Jim Long Pork Commentary, Lean Hog Prices Continue to Rise, March 1st 2021

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Jim Long, President and CEO Genesus Genetics

Iowa\Southern Minnesota Lean Hog Price closed last Friday at 79.81₵ lb. It has risen from 63.97₵ lb. average in December. Last February Iowa\Southern Minnesota averaged 58.33₵ lb. The last time Iowa\Southern Minnesota was this high was in February 2014 during PED epidemic when it was 86.72₵ lb.

Obviously, supply-demand of pork is pushing prices higher. No one and certainly not packers pay more than they have to.

This is going to get more interesting. Packers have had the longest run of the best gross margins in history. They don’t want to give that up if they can help it. Who would?

Where we are at in our opinion is a point of reckoning. We all want to see our own story in data and reports. Packers one side, producers another.

We expect Packers are looking at USDA reports and Chicken Little Economist analysis that says there will be more U.S. Pork in 2021 than 2020. USDA this week projected 28,724 million pounds (2021) versus 28,314 in 2020. If we were a packer we would gravitate to this information. We all search for what we want to hear. This information is helping to maintain current large gross packer margins ($30+) Packers hope it’s right and their fun will continue.

Producers on the other hand can see U.S. Pork Cut-outs in the 90’s despite kills of 2.6 million a week plus. Producers see hog weights have declined 5 lbs. since the first part of January. Producers know there has been significantly more PRRS and PED this year compared to last. Official lab reports indicate 30% more positives this year compared to last.

40 lb. cash feeder pigs last week averaged $88 – $30 per head more than a year ago. Many stories of empty finishing spaces that add up in the millions. Every pig is in a barn. No one has barns to be empty. The $88 feeder pig price is the cost to get pigs for these empty spaces.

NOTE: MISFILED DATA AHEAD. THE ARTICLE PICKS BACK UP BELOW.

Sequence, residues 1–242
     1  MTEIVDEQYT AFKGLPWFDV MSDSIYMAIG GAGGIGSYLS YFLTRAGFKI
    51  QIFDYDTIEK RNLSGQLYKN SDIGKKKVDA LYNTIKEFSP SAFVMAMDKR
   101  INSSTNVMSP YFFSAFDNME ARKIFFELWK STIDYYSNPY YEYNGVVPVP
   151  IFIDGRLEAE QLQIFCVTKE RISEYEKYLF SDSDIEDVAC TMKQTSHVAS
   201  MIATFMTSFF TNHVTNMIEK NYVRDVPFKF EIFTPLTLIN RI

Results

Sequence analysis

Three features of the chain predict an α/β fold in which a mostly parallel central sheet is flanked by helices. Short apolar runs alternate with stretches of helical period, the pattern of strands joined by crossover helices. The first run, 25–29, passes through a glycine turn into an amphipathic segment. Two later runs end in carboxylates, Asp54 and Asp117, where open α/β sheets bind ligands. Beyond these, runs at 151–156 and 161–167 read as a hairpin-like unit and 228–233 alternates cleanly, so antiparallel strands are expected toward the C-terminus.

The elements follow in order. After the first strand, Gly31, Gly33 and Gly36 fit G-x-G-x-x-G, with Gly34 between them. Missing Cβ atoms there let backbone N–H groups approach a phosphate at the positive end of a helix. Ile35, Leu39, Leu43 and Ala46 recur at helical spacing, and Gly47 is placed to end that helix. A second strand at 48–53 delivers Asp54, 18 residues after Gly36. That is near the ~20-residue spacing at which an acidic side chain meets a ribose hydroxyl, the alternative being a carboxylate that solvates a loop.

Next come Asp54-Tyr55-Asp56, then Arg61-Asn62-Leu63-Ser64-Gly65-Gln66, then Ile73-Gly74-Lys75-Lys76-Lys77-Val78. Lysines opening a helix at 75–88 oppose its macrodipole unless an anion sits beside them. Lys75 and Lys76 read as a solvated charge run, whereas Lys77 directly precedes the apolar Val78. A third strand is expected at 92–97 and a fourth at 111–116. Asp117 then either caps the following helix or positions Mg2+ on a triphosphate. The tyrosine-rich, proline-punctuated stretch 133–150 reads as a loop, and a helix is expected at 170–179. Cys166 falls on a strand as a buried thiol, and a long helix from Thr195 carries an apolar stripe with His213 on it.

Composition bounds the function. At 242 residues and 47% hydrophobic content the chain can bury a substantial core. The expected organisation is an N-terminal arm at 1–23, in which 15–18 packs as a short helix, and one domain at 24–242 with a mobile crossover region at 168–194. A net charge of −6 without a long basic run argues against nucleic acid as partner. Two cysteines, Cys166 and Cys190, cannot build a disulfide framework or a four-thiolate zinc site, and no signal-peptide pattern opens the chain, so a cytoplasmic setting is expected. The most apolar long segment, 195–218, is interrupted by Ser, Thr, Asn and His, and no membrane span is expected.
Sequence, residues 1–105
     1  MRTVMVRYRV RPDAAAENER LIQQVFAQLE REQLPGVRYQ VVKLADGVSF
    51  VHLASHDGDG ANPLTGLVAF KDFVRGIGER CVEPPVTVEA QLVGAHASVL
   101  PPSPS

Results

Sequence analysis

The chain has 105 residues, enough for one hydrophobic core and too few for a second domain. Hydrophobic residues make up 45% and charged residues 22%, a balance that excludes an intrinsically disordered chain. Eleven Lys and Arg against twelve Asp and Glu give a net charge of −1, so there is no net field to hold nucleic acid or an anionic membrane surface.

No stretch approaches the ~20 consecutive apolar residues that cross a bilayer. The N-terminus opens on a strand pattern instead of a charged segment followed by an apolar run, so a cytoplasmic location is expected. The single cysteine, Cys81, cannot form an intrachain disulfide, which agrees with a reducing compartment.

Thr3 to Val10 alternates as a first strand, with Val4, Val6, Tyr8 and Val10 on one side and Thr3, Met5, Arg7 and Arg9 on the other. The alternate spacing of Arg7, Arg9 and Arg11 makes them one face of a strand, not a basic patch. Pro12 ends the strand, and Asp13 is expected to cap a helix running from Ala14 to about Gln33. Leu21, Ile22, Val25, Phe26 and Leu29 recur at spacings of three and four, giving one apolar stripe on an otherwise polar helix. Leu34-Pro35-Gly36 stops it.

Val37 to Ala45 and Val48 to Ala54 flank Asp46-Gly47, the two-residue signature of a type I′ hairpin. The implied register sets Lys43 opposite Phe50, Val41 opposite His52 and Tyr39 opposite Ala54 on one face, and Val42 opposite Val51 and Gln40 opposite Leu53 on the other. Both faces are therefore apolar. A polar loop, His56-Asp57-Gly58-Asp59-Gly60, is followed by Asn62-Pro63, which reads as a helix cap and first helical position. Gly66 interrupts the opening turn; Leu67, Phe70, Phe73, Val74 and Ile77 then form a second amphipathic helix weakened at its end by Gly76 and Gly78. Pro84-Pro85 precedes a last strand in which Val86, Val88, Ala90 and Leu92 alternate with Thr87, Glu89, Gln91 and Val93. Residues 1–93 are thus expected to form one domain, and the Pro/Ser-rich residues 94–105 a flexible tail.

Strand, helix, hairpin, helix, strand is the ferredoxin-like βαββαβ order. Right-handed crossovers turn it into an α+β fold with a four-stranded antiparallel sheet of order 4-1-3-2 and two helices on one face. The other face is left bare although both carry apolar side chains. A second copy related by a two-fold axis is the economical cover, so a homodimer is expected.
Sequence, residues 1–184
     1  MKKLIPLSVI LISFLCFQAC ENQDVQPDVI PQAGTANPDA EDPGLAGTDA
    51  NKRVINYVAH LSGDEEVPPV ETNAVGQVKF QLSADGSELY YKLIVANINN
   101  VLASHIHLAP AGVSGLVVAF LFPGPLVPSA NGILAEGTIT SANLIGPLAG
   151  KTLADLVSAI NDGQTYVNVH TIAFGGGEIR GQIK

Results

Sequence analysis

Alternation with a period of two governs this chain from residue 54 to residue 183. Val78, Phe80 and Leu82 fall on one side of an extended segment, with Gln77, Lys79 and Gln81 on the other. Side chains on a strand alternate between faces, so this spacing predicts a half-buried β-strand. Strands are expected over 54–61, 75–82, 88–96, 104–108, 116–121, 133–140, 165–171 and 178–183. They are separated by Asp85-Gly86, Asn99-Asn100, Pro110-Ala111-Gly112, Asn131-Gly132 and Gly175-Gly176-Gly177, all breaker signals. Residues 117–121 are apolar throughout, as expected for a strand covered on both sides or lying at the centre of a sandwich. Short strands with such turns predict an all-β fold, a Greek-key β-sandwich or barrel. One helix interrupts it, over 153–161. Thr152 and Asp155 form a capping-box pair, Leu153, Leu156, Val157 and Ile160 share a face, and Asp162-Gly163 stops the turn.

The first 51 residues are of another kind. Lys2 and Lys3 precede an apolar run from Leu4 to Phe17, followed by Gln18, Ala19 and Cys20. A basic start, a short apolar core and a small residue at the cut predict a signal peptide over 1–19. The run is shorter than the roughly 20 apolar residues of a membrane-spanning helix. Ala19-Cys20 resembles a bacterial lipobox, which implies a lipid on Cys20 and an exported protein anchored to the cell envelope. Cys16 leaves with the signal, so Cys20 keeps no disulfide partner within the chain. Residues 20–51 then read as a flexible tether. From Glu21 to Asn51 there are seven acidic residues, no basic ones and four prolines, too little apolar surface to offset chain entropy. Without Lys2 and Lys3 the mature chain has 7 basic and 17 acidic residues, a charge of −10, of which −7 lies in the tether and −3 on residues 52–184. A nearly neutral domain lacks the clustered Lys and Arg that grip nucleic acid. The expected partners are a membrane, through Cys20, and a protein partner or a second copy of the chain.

It defies logic that there would be more pigs in 2021 than 2020. The financial losses of 2020 were unprecedented. The average Iowa\Southern Minnesota price in 2020 was $61.05. This was lowest annual price since 2009. The U.S. 40 lb. feeder pig price average in 2021 was $36.98. We have data back to 2000 and no year was this low. No way have huge financial losses make more pigs.

There was sow liquidation, a combination of producers exiting, and also a lack of gilt retention in sow herds. The average sow mortality is at least 1% per month. If you don’t have constant schedule to bring in gilts the herd declines.

We sell Genetics. We observed individual farms lower gilt purchases. We expect many sow herds have fewer females in inventory today compared to a year ago. That leads to fewer pigs.

Year to date, 2 months in, U.S. slaughter is 3.8% lower. Hard to believe all of a sudden slaughter will exceed last year (other than we go into comparing to last year’s pandemic shortened weeks). We believe the reckoning is coming. Slaughter will be declining, cut-outs-hog prices will continue to move higher. We expect Gross Packer Margins will decline as they have to chase fewer hogs or lose market share to competitors. We expect lean hogs reaching a $1.00 plus this year.

China

China’s hog price has declined over the last few weeks, but still real high at 31.78 rmb\kg ($2.23 U.S. liveweight a lb.). We expect part of this is from liquidation of pigs due to ASF. During an ASF break, it’s common practice in China to dump inventory, slaughter sows, all weights of pigs.

Reports are 18-20% of all China slaughter pigs currently are below normal slaughter weight. That could be 1.5 to 2 million lighter pigs a week. This, short-term, puts more pork into market which will cut hog prices. It also probably slows down pork imports temporarily.

There are reports that 15% plus of China’s sows have been slaughtered in the last 3 months due to ASF issues. Could be 5 plus million sows (80 million-plus pigs annually). Heaven knows just how many pigs have died that won’t get to market.

If correct a big setback to China’s domestic supply recovery. It also could mean a temporary slowdown in pork imports but in future more and longer time of pork importation.

This import scenario would continue to support hog prices in Europe, Brazil, and North America throughout most of 2021 and into 2022.